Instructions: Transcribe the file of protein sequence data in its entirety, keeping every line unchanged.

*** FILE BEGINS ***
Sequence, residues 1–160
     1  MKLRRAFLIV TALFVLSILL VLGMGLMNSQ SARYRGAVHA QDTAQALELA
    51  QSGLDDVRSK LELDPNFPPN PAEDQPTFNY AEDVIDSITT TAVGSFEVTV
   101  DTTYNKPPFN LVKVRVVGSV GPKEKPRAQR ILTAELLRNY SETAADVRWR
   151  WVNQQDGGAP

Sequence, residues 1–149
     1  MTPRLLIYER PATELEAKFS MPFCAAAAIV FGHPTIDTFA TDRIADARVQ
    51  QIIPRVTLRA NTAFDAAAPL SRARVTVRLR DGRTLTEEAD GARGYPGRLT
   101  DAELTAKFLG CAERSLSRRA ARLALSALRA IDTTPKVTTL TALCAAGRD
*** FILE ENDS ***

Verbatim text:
Sequence, residues 1–160
     1  MKLRRAFLIV TALFVLSILL VLGMGLMNSQ SARYRGAVHA QDTAQALELA
    51  QSGLDDVRSK LELDPNFPPN PAEDQPTFNY AEDVIDSITT TAVGSFEVTV
   101  DTTYNKPPFN LVKVRVVGSV GPKEKPRAQR ILTAELLRNY SETAADVRWR
   151  WVNQQDGGAP

Sequence, residues 1–149
     1  MTPRLLIYER PATELEAKFS MPFCAAAAIV FGHPTIDTFA TDRIADARVQ
    51  QIIPRVTLRA NTAFDAAAPL SRARVTVRLR DGRTLTEEAD GARGYPGRLT
   101  DAELTAKFLG CAERSLSRRA ARLALSALRA IDTTPKVTTL TALCAAGRD